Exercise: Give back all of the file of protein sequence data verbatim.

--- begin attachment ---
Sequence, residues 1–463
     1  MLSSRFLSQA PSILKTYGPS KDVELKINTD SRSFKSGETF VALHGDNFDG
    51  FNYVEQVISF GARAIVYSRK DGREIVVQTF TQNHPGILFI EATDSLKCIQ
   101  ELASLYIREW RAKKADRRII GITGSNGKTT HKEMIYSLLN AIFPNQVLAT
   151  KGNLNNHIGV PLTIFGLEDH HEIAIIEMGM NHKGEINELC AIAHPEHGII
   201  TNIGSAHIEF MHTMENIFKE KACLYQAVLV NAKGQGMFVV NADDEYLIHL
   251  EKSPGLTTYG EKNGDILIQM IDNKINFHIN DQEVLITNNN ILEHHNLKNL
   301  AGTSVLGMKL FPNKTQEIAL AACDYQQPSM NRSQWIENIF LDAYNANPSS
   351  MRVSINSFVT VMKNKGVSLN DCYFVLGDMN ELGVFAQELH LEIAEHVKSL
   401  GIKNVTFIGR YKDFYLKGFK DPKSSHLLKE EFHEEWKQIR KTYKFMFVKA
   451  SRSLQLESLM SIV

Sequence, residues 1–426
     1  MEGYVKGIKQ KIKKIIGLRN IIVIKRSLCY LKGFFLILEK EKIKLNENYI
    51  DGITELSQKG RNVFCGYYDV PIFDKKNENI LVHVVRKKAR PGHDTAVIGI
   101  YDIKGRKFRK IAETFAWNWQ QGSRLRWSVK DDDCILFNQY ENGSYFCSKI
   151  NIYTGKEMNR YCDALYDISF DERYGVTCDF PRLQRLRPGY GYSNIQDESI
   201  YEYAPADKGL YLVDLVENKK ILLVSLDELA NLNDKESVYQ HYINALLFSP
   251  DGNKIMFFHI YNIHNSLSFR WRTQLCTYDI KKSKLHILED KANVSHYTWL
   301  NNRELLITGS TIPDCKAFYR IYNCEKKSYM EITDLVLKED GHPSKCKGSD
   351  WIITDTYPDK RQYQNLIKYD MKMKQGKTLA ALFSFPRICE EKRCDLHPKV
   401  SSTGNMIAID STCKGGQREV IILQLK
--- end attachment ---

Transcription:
Sequence, residues 1–463
     1  MLSSRFLSQA PSILKTYGPS KDVELKINTD SRSFKSGETF VALHGDNFDG
    51  FNYVEQVISF GARAIVYSRK DGREIVVQTF TQNHPGILFI EATDSLKCIQ
   101  ELASLYIREW RAKKADRRII GITGSNGKTT HKEMIYSLLN AIFPNQVLAT
   151  KGNLNNHIGV PLTIFGLEDH HEIAIIEMGM NHKGEINELC AIAHPEHGII
   201  TNIGSAHIEF MHTMENIFKE KACLYQAVLV NAKGQGMFVV NADDEYLIHL
   251  EKSPGLTTYG EKNGDILIQM IDNKINFHIN DQEVLITNNN ILEHHNLKNL
   301  AGTSVLGMKL FPNKTQEIAL AACDYQQPSM NRSQWIENIF LDAYNANPSS
   351  MRVSINSFVT VMKNKGVSLN DCYFVLGDMN ELGVFAQELH LEIAEHVKSL
   401  GIKNVTFIGR YKDFYLKGFK DPKSSHLLKE EFHEEWKQIR KTYKFMFVKA
   451  SRSLQLESLM SIV

Sequence, residues 1–426
     1  MEGYVKGIKQ KIKKIIGLRN IIVIKRSLCY LKGFFLILEK EKIKLNENYI
    51  DGITELSQKG RNVFCGYYDV PIFDKKNENI LVHVVRKKAR PGHDTAVIGI
   101  YDIKGRKFRK IAETFAWNWQ QGSRLRWSVK DDDCILFNQY ENGSYFCSKI
   151  NIYTGKEMNR YCDALYDISF DERYGVTCDF PRLQRLRPGY GYSNIQDESI
   201  YEYAPADKGL YLVDLVENKK ILLVSLDELA NLNDKESVYQ HYINALLFSP
   251  DGNKIMFFHI YNIHNSLSFR WRTQLCTYDI KKSKLHILED KANVSHYTWL
   301  NNRELLITGS TIPDCKAFYR IYNCEKKSYM EITDLVLKED GHPSKCKGSD
   351  WIITDTYPDK RQYQNLIKYD MKMKQGKTLA ALFSFPRICE EKRCDLHPKV
   401  SSTGNMIAID STCKGGQREV IILQLK